FAQ’s

If you are considering a home birth, perhaps the following are questions you have wondered about. Don’t hesitate to contact me with any specific questions…I’d love to help you in any way I can! Please note, these questions and answers pertain specifically to my practice here at Gentle Delivery Childbirth Services, and may not apply to other midwives and practices.

Q. At what point in my pregnancy should I contact you?

Time for the newborn exam.

Checking out a newborn

A. You are welcome to contact me at any time-with preconception questions or as soon as you find out your pregnant. A free no-obligation consultation where you can ask questions and see my office can occur at any point, but I typically schedule your first actual appointment once you are between 10-12 weeks along, as that allows the baby to be mature enough to hear the heartbeat. The earlier you are in touch, the greater chance I will have an opening over the time you are due, though it’s never too late to talk with me about your options, either…we can begin care late in the pregnancy when necessary, too!

Q. What does a normal prenatal look like, and where does it take place?
A. Prenatal appointments normally take place in my home office, usually on Tuesday and Thursday afternoons, although other times are possible. I generally expect to take anywhere from 30 min. to an hour, with the goal being able to spend enough time to answer any questions or concerns a couple might have, as well as including education regarding exercise, nutrition, positioning, childbirth, etc. At each visit a urine sample is checked, weight is recorded, BP is taken, and baby is listened to, measured, and palpated to see his or her position. Other testing and/or procedures will be performed as needed. The normal schedule for visits is every month until 28 weeks, followed by bi-weekly appointments until 36 weeks, and weekly visits thereafter. A home visit is performed at 36 weeks, in order to give myself and any other birth attendants a chance to see your location in normal daylight hours! 

Q. Do I need to see a doctor besides seeing you for prenatal care?
A. That honestly depends upon your personal preferences. The prenatal care I give would be similar to what you would receive from a doctor, including labs and referrals for things like sonograms. Most of my clients do not see a doctor while receiving care from me, as it keeps costs down and keeps them from multiple prenatal care visits. If your OB office is open to co-care, it can provide you with a seamless transition in case of transport, especially if it is covered by your insurance provider. If care with an OB is covered in full by your insurance provider, you may benefit from continuing care with them in order to have the costs for your labwork and other testing covered completely.

Charting notes during labor

Charting notes during labor

Q. Will my insurance cover your services, or how can I afford it?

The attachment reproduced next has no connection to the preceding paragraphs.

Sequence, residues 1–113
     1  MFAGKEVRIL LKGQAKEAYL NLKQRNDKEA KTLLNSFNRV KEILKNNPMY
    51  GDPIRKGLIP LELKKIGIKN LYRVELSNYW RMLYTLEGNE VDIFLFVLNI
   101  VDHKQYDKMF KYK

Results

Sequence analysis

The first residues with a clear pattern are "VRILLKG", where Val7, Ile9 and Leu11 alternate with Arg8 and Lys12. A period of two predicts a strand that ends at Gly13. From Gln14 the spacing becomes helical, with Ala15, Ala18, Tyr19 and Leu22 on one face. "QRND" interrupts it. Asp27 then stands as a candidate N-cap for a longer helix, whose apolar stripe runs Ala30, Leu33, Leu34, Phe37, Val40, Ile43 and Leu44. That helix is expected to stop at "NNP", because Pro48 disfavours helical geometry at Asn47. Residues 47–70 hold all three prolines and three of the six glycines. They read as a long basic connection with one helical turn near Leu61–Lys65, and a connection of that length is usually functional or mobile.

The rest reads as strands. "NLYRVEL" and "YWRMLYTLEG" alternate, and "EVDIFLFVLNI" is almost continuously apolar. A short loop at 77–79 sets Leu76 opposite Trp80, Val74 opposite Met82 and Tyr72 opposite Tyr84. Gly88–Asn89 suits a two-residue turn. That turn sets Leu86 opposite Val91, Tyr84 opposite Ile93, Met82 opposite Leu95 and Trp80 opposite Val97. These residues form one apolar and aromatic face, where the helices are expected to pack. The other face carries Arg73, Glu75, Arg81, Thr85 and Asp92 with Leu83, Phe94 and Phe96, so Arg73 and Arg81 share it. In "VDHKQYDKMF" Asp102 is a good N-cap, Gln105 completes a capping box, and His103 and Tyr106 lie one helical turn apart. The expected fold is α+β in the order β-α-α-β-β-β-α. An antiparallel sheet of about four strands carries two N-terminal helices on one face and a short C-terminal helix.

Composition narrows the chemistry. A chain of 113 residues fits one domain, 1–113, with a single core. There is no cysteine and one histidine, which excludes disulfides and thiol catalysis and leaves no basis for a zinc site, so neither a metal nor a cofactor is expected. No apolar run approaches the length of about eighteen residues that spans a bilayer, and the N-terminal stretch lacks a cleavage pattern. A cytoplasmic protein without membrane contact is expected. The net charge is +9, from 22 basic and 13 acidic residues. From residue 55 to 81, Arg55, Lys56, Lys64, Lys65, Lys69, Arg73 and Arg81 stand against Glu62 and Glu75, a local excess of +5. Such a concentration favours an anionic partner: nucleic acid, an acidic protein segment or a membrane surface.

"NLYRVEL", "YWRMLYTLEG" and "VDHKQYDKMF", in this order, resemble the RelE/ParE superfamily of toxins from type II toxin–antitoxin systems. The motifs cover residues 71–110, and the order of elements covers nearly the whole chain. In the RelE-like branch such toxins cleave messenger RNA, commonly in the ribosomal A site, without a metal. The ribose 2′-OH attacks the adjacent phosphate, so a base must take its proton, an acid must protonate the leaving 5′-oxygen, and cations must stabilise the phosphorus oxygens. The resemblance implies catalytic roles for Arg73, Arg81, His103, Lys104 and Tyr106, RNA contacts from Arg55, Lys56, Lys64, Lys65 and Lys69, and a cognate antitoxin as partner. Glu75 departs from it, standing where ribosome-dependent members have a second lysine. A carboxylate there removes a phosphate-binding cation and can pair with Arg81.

A. Sadly, many insurance companies do not cover home midwifery care, though it is always worth checking into thoroughly. I would be happy to provide you with some information on how to best discuss this with your insurance company, and I am also willing to give you a written statement complete with insurance codes to submit to your insurance company. In order to keep my own costs down, I do not file insurance, but I do try to make care accessible to all families by charging a sliding scale fee based upon your family’s income. Keep in mind, too, that when using insurance, you will have a co-pay, and for some people the cost of my services are either similar or lower than the co-pay amount you would be paying with a hospital delivery.

Q. I notice you have a student working with you. How does that influence my care?
A. When a student is interning for midwifery training, their level of involvement varies according to where they are at in their studies. A student midwife begins by observing all aspects of midwifery care, and applying the academic knowledge she has already received to practical, hands-on situations. As her experience expands, so do her opportunities-she assumes more responsibility depending upon her level of experience and skill. Students are always grateful for any opportunity afforded them to learn, and would love to be as involved with your care as you feel comfortable with. I always strive to make sure the client feels completely comfortable with any care provided by a student, whether that is allowing the student to feel for baby’s position and fundal measurement, or whether it is as extensive as allowing the student to participate in a high level of care during delivery. Whether you prefer lots of involvement or minimal involvement, a student generally acts as my birth assistant during the actual labor and delivery, helping to provide labor support, take notes, and in general act as my second set of hands. 